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With Wit And Sadness, 'Baby, You're Gonna Be Mine' Has Echoes Of Salinger

I've been a fan of Kevin Wilson's writing since 2011, when I read his debut novel The Family Fang. That novel delved into the life of a husband and wife pair of performance artists who worked their young children into their pieces. Without being pat about it, Wilson drove home the realization that every family constitutes its own rag-tag troupe of performance artists and that children are mostly at the mercy of their parents' "acts."

Family was also a concern in Wilson's second novel, Perfect Little World, about a Gilligan's Island-type collection of adults and children who participate in an experiment about child rearing.

What I love most about Wilson's writing is that he'll start off with these goofy, almost sitcom-type contrived premises and from there create stories that knock you out with the force of their emotional truth. That distinctive sweet-tart flavor of Wilson's writing is triple-concentrated in his new short story collection, Baby, You're Gonna Be Mine.

Take the opening lines of the very first story, called "Scroll Through the Weapons." A young man named Cam is narrating:

Whoa. Just as we're taking in that mess of information about the quality of the relationships here, we meet those aforementioned kids, whom the narrator describes as "as close to feral as you can get, like animals dressed up in camouflage jumpsuits." The most disciplined is the oldest girl, who's around 14. She's obsessed with a video game about the apocalypse, where she has to try to kill zombies with weapons like "a baseball bat with nails in it."

At first, Wilson, seems to be riffing on the old "decay of the family" theme, but his story grows more nuanced so that when Cam again looks at that tough teenager playing her vile video game, his reaction shifts into a commentary on the tragic nature of life:

In ingenious ways, all the stories here are about surrender, whether they're about a character's surrendering to loss or human failing. For instance, there's a quiet stunner of a story called "A Signal to the Faithful," about a sensitive, fatherless boy named Edwin and the troubled priest who befriends him. Contrary to expectation, nothing sexual happens; but, a game of make-believe the two play together is devastating in the way it exposes the pain that lives within the emotionally stunted priest.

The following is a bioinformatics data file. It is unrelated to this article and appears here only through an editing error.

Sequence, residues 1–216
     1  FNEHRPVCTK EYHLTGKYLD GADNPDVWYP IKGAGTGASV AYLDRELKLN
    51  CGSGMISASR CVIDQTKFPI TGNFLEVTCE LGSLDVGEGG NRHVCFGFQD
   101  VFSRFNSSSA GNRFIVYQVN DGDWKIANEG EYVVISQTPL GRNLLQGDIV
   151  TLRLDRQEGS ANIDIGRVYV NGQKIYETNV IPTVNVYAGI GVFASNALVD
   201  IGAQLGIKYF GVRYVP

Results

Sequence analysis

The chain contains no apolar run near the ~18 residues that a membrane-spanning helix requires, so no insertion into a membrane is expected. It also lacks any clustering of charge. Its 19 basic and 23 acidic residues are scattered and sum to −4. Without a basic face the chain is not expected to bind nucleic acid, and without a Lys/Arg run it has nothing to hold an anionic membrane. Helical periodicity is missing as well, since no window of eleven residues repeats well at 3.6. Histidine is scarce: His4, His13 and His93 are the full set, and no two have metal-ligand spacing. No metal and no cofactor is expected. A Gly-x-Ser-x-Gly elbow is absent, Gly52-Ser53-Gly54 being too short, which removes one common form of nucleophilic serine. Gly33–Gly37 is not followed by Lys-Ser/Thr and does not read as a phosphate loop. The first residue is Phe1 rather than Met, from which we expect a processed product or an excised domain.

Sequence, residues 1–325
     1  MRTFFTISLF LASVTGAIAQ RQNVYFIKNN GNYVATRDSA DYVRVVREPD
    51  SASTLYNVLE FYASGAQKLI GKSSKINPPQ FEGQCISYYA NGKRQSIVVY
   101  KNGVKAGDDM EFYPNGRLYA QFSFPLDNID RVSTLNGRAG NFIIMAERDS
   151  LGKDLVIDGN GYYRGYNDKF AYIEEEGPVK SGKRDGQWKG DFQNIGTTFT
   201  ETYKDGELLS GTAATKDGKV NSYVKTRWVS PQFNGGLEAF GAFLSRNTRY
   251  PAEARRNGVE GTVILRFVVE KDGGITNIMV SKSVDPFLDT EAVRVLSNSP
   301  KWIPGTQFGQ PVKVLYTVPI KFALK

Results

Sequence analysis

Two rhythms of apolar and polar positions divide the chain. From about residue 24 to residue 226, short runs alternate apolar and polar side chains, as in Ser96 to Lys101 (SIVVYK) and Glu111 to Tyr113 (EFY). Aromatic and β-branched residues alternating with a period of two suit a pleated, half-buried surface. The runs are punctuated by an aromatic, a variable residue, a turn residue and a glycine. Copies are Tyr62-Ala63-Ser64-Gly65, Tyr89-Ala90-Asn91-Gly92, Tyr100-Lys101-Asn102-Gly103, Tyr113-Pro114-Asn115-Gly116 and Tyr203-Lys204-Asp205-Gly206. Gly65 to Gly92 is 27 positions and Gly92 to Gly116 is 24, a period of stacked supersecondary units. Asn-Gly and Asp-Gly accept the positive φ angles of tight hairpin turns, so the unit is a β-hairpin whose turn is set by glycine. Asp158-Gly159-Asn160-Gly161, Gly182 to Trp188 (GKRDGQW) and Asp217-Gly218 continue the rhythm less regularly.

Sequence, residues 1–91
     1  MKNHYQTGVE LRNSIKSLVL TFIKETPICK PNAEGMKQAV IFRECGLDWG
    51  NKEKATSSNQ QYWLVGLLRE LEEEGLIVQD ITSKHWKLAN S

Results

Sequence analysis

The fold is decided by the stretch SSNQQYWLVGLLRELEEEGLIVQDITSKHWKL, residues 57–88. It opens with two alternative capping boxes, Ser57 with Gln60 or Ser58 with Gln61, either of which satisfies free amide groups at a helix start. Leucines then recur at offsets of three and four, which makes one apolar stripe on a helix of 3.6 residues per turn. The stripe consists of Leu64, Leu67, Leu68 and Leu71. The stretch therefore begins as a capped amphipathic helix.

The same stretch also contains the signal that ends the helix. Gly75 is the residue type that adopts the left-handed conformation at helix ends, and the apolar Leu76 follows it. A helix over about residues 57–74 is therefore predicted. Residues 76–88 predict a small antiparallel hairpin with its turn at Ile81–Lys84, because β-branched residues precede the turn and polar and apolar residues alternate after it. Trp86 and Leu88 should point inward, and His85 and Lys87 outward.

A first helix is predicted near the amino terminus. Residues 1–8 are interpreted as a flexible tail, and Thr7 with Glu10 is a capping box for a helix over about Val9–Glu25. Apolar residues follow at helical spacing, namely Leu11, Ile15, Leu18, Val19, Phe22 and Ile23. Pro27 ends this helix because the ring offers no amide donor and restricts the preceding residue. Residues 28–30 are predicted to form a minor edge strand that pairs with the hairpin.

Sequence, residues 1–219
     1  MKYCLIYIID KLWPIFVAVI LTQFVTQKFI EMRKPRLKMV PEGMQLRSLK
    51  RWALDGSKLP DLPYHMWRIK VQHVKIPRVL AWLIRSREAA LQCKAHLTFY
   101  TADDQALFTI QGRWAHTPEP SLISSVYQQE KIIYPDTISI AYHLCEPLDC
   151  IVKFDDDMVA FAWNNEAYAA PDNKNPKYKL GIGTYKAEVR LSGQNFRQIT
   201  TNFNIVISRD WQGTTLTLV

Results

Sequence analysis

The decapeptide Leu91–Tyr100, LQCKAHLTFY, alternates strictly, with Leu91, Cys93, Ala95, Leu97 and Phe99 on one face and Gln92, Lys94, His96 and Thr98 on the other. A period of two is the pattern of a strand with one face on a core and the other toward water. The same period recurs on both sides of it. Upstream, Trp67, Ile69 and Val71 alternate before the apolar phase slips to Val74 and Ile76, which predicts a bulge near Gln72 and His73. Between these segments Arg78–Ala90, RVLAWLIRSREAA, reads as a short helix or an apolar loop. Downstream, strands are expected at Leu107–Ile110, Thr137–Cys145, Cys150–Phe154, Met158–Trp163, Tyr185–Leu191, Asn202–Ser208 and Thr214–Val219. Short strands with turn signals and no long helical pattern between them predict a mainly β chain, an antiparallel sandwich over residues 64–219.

Other stories, like "Housewarming" and the title story feature parents who've surrendered to the knowledge that their angry adult children are beyond saving.

In that title story, a mom gets a phone call from her son, a once moderately successful rock musician whose band, Dead Finches, has just broken up. Much to her dread, the son moves back home. A narcissist, the son thinks the end of his musical career is a unique blow, but his widowed mom knows otherwise: "She understood exactly what was happening, that he had devoted his life to something that had ended before he was ready. ... She knew what it felt like."

All the while I was reading Baby, You're Gonna Be Mine, I kept hearing one of Holden Caulfield's signature lines in my head. Remember how Holden is always saying variations of, "That killed me" about people or books that deeply affect him? There's a lot of Salinger in Wilson's writing — the wit, the vulnerability and the cosmic sadness. And, these new stories of Wilson's are something else; they're funny, raw and beautiful and, for sure, they killed me.

Copyright 2023 Fresh Air. To see more, visit Fresh Air.

Maureen Corrigan, book critic for NPR's Fresh Air, is The Nicky and Jamie Grant Distinguished Professor of the Practice in Literary Criticism at Georgetown University. She is an associate editor of and contributor to Mystery and Suspense Writers (Scribner) and the winner of the 1999 Edgar Award for Criticism, presented by the Mystery Writers of America. In 2019, Corrigan was awarded the Nona Balakian Citation for Excellence in Reviewing by the National Book Critics Circle.